I’m sure I’ve mentioned it times before, but I LOVE pick-your-own. The act of picking, searching, and being silent amongst the bugs, birds, and dirt is like meditation for me. A few weeks ago, I ventured out of downtown Durham, NC and headed towards Falls Lake State Recreational Area. GPS turned off, I cruised the back roads with the windows down and bluegrass music blasting. I came upon a perfect picnic spot, a good trail run, and some decent sunbathing. Falls Lake was amazing, but coming across a hand drawn pick-your-own (PYO) sign at the cross road of two country roads, catapulted my adventure over the edge. A familiar farmers’ market stand, I was surprised to find Lyons Farm in such an idyllic setting and so close to town. I thought, “12 minutes from home, why am I not out here every chance I can get!?”. I didn’t have much cash on me, so I went for some free crop info. and a strawberry cider. They ensured my return by mentioning their upcoming crops: peaches, blueberries, and raspberries!
Happy June! Welcome to the latest version of “Friends Putting up with Erin”. This past Friday, a fellow yogini graciously suggested that we pickle at her house. Little did I know, her house meant a little, old farmhouse! Clearly a sucker for old, tiny, somewhat impractical things, Morgan’s abode presented a magical pickling experience for me. Working with bellies full of wine, pouring rain, lots of laughter, and limited surface space, we crafted these sweet and spicy zucchini pickles. Morgan was not only prepared for a vinegar filled night of fun, but also for habanero slicing. Unlike myself… idiot, Morgan didn’t even think to NOT wear gloves while slicing hot peppers. Her medical grade bright blue gloves really added a cute touch.
Mojitos… what do mojitos make you think of? Summer, bathing suits, rum? For me, it’s a standard mojito that I once ordered at an overpriced Cuban’eqsue bar in Baltimore. A spot where I recall years back hanging with my good friend John sipping minting sugary drinks from a pitcher. Located in a more “bro-dude” part of town, I remember my tom-boy ways, always comparing myself to all the tanned, tiny, sorority type of girls adorned in pastel dresses and beige high heals. Running my fingers through my short pixie hair and looking down at my cutoffs and chucks, I say to John, “compared to all of these pretty girls, guys like “that” would never go for a girl like me.” “Erin (!!), you’d never go for guys like that.” Bam, I knew he was absolutely correct, but my self doubt and body consciousness was still at question. Things have changed, I now realize that I too am and always have been a “pretty” girl. I highlight this quick memory for Body Positivity Week. OK, onto this super sexy jelly…
I’m not exactly sure why, probably the strawberries…, but it seems only appropriate that I drink a glass of home-brew strawberry mango kombucha while I write this strawberry mustard blog post. Sensing a theme here? STRAWBERRIES!!! I am up to my ears in strawberries. A little over a week ago the wild strawberries on my property started to ripen. My initial thoughts were “this is amazing, I am going to have fresh strawberries everyday.” A week later… “god damnit, I have to get home so I can pick them before the nasty roly polys beat me to it!” Honestly, I feel like I’m at war with the little strawberry buggers. Don’t get me wrong, and I’m definitely not complaining, I’m having tons of fun with it. Everyday is like Easter for fruits: I get to hunt for the ripest, juiciest, reddest berries amongst the bugs and weeds. Oh man, now I can’t wait till cherry tomato season.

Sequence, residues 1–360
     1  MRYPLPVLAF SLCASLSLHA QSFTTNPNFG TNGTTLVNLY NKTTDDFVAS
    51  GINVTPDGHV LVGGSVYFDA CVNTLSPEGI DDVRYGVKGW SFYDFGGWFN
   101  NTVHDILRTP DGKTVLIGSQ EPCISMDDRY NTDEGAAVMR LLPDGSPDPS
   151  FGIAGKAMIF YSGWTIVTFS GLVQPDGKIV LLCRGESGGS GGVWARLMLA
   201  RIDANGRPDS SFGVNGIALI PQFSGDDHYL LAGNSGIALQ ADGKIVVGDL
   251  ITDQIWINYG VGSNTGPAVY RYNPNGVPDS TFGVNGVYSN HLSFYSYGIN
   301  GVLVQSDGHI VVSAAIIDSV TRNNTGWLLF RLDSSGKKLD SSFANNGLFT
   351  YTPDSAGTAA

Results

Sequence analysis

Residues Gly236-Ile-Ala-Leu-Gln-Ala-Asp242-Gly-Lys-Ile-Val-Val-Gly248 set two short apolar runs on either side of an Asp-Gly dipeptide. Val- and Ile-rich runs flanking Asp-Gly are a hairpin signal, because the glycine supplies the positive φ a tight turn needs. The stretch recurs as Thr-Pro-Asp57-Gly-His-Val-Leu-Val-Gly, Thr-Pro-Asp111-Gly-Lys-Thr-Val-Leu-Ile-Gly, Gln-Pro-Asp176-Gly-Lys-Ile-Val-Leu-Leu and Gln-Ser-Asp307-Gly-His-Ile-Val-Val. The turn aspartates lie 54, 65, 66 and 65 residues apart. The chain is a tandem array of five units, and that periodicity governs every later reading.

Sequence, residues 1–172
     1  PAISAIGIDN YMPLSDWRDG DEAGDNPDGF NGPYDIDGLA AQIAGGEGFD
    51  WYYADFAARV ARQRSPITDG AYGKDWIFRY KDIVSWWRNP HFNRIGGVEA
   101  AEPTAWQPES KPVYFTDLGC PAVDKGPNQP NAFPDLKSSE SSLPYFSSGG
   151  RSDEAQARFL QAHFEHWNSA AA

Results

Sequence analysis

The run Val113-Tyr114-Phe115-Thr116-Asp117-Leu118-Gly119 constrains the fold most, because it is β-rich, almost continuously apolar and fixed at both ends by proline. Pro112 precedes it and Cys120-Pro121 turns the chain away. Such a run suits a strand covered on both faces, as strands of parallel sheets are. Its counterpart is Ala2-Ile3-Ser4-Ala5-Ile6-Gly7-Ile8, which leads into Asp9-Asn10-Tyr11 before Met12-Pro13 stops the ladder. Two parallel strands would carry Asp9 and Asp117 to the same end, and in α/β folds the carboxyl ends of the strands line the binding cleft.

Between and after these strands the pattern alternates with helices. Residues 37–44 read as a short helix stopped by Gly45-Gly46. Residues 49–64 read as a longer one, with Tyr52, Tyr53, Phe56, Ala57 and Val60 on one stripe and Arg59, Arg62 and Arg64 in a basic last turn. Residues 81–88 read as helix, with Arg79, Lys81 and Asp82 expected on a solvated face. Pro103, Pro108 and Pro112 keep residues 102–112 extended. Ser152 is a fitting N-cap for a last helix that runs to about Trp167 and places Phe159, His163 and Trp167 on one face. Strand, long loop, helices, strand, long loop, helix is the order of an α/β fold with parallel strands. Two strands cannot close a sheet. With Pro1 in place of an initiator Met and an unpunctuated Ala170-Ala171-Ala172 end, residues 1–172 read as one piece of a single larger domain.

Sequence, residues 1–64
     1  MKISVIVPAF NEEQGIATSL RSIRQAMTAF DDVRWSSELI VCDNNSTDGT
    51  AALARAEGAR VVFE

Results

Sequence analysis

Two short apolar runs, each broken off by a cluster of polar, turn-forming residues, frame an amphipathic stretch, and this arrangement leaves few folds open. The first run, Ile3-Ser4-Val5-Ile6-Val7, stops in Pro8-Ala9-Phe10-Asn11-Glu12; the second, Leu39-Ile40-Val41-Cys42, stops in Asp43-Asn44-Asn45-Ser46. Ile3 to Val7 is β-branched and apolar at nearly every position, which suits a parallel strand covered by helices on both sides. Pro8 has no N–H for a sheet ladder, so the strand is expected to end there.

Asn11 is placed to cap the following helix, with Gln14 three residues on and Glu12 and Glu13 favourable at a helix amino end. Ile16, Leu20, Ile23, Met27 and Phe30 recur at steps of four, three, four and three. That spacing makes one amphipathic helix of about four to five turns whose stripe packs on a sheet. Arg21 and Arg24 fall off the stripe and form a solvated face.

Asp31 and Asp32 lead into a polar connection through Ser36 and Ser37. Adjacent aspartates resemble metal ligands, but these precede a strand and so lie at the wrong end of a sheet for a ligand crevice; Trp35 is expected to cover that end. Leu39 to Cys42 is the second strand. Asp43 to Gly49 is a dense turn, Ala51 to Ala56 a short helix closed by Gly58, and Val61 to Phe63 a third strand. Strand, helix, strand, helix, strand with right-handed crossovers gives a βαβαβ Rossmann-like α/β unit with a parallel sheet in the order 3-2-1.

Thinking of ways to mix it up and get creative, I decided for this initial bloom (boom?) that I’d play with some savory ideas. Initially planning on doing a strawberry relish (not sure if that’ll actually work), I came up with this whole grain strawberry mustard instead. A super easy mustard recipe and depending on your desired taste you can modify by adding more or less strawberries. Enjoy this sweet and tangy mustard with cheese, crackers, and perhaps another savory jam or jelly. The strawberries featured in this recipe were picked locally at Lyon Farms.
Wondering what to do with those pretty purple blossoms that you’re seeing atop your chive plants? I spent the majority of my morning running around the Durham Farmers’ Market shopping for herbs for my new garden. After careful planning, mental designing, and avoiding plant conflicts, I finally settled on chives, dill (duh?), basil, thyme, and oregano. When I got home this afternoon, I was routinely picking the the wild strawberries from the property, when all of a sudden I came across an herb garden… a decorative herb garden that my previous landlord Emily-Kate so smart-fully and generously planted with tons of the same herbs that I just purchased… damnit. Nonetheless, I still plan on planting my own crops as practice makes perfect (right?) for this kill happy (of plants) California gardener. In full bloom, the chives were running rampant with these beautiful purple…rain… chive blossoms. A few quick thoughts… “what can I do with those purple blossoms?” and I decided to go for infused chive blossom vinegar.
Super easy: (1) wash the little buggers out of 2 cups of chive blossoms and pack in quart jar, (2) bring 3 cups white vinegar, white wine vinegar, or champagne vinegar to just a boil, (3) pour hot vinegar over blossoms, (4) cap and let set for ~ 2 weeks, (5) strain and enjoy!
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